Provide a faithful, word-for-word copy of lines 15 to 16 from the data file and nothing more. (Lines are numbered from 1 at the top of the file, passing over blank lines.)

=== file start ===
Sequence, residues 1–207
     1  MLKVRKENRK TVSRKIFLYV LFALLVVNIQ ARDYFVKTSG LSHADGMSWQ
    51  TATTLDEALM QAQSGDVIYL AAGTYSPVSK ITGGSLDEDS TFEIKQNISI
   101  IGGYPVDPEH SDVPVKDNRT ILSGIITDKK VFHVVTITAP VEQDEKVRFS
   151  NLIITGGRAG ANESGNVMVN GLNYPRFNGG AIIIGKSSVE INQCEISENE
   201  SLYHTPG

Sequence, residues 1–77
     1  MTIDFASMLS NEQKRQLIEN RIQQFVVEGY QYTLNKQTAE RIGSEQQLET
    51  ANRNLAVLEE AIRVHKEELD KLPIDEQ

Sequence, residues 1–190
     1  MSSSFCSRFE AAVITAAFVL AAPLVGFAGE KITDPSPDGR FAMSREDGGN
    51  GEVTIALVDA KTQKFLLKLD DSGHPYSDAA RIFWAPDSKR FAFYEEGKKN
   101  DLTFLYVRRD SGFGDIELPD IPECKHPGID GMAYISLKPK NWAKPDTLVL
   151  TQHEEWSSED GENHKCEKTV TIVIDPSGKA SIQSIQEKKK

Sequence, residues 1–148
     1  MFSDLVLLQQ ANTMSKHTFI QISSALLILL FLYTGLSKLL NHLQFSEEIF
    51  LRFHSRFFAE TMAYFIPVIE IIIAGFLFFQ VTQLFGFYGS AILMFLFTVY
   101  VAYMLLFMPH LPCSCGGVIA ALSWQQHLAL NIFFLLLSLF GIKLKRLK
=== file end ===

Sequence, residues 1–148
     1  MFSDLVLLQQ ANTMSKHTFI QISSALLILL FLYTGLSKLL NHLQFSEEIF